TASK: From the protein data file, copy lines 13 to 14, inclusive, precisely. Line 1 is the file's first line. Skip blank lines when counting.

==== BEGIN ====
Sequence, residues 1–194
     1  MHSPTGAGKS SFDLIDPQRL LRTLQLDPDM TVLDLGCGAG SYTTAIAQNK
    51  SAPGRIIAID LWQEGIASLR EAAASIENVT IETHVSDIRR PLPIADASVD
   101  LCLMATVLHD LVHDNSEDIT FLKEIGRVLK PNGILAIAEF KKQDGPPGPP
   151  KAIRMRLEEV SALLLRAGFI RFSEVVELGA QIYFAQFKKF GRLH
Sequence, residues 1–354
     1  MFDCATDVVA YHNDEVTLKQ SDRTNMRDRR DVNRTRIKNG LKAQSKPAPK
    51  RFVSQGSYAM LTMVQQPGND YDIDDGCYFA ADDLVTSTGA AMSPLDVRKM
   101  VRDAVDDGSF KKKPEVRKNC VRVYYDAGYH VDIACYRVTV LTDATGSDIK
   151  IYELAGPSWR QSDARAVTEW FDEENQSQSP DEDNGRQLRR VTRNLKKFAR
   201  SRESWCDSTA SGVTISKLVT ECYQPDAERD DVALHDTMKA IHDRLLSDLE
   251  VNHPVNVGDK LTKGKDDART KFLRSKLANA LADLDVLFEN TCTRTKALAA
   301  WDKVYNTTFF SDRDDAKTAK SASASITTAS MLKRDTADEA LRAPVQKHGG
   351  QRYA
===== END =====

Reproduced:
   301  WDKVYNTTFF SDRDDAKTAK SASASITTAS MLKRDTADEA LRAPVQKHGG
   351  QRYA